“We always had this image that gravitons would bombard detectors in some way, and so there would be a little bit of jitter,” said Parikh. “But,” Zahariade added, “when we understood how this graviton noise term arises mathematically, it was a beautiful moment.”
The calculations were worked out over three years and are summarized in a recent paper. The paper describing the complete set of calculations is currently under peer review.
Yet while squeezed light is routinely made in the lab — including at LIGO — it’s still unknown whether squeezed gravitational waves exist. Wilczek suspects that the final stages of black hole mergers, where gravitational fields are very strong and changing rapidly, could produce this squeezing effect. Inflation — a period in the early universe when space-time expanded very rapidly — could also lead to squeezing. The authors now plan to build precise models of these cosmological events and the gravitational waves they emit.
“This opens the door to very difficult calculations that are going to be a challenge to carry through to the end,” said Wilczek. “But the good news is that it gets really interesting and potentially realistic as an experimental target.”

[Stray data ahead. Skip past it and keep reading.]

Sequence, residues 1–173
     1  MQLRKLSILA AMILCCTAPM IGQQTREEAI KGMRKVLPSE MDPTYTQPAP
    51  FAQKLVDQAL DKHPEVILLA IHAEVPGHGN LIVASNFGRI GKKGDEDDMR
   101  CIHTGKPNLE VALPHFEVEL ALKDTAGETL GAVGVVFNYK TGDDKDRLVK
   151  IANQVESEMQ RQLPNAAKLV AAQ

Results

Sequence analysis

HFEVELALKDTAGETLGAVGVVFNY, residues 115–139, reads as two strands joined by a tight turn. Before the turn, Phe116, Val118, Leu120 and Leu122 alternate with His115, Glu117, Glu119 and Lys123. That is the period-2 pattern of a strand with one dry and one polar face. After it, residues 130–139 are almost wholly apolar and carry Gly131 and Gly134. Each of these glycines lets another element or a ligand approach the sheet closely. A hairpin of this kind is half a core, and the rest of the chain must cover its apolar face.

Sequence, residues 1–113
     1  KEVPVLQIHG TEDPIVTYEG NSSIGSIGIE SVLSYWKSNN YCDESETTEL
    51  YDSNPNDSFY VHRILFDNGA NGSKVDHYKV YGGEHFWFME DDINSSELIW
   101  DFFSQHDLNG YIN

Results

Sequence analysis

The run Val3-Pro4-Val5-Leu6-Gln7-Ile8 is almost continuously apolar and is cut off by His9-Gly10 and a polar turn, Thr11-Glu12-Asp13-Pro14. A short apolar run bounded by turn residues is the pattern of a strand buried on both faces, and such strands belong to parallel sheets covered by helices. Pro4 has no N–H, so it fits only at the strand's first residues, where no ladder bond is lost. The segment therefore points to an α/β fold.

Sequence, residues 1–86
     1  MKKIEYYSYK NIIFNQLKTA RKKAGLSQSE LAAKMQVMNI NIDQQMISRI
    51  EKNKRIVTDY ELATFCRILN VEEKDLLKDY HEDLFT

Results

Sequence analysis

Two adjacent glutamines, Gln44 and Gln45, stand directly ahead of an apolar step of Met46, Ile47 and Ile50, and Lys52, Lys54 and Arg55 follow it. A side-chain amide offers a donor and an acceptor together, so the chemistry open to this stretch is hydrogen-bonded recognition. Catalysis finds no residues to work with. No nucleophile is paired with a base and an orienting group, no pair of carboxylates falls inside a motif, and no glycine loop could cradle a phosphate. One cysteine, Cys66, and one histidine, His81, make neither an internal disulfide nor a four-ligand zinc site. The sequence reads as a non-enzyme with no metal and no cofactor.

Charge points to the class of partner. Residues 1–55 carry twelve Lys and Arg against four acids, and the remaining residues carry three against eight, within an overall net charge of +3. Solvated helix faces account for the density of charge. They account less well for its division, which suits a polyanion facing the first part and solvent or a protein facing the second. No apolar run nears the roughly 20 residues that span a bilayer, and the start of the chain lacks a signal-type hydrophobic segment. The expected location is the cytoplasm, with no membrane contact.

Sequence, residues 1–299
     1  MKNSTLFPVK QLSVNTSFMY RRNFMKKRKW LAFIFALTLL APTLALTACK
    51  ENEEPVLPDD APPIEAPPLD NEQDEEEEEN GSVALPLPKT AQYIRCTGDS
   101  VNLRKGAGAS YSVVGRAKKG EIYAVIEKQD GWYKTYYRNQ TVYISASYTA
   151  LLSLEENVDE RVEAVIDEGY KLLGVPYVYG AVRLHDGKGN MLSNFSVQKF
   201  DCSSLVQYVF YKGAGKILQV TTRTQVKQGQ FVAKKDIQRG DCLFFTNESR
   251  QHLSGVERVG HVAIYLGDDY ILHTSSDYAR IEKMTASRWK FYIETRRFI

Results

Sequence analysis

A Hologram Shake
Rather than looking to quantum sources in the cosmos, other physicists hope to see graviton noise directly in the bubbling vacuum of space-time, where particles fleetingly pop into existence and then disappear. As they appear, these virtual particles cause space-time to gently warp around them, creating random fluctuations known as space-time foam.
This quantum world might seem inaccessible to experiment. But it’s not — if the universe obeys the “holographic principle,” in which the fabric of space-time emerges in the same way that a 3D hologram pops out of a 2D pattern. If the holographic principle is true, quantum particles like the graviton live on the lower-dimensional surface and encode the familiar force of gravity in higher-dimensional space-time.
In such a scenario, the effects of quantum gravity can be amplified into the everyday world of experiments like LIGO. Recent work by Verlinde and Kathryn Zurek, a theoretical physicist at the California Institute of Technology, proposes using LIGO or another sensitive interferometer to observe the bubbling vacuum that surrounds the instrument.
In a holographic universe, the interferometer sits in higher-dimensional space-time, which is closely wrapped in a lower-dimensional quantum surface. Adding up the tiny fluctuations across the surface creates a noise that is big enough to be detected by the interferometer. “We’ve shown that the effects due to quantum gravity are not just determined by the Planck scale, but also by [the interferometer’s] scale,” said Verlinde.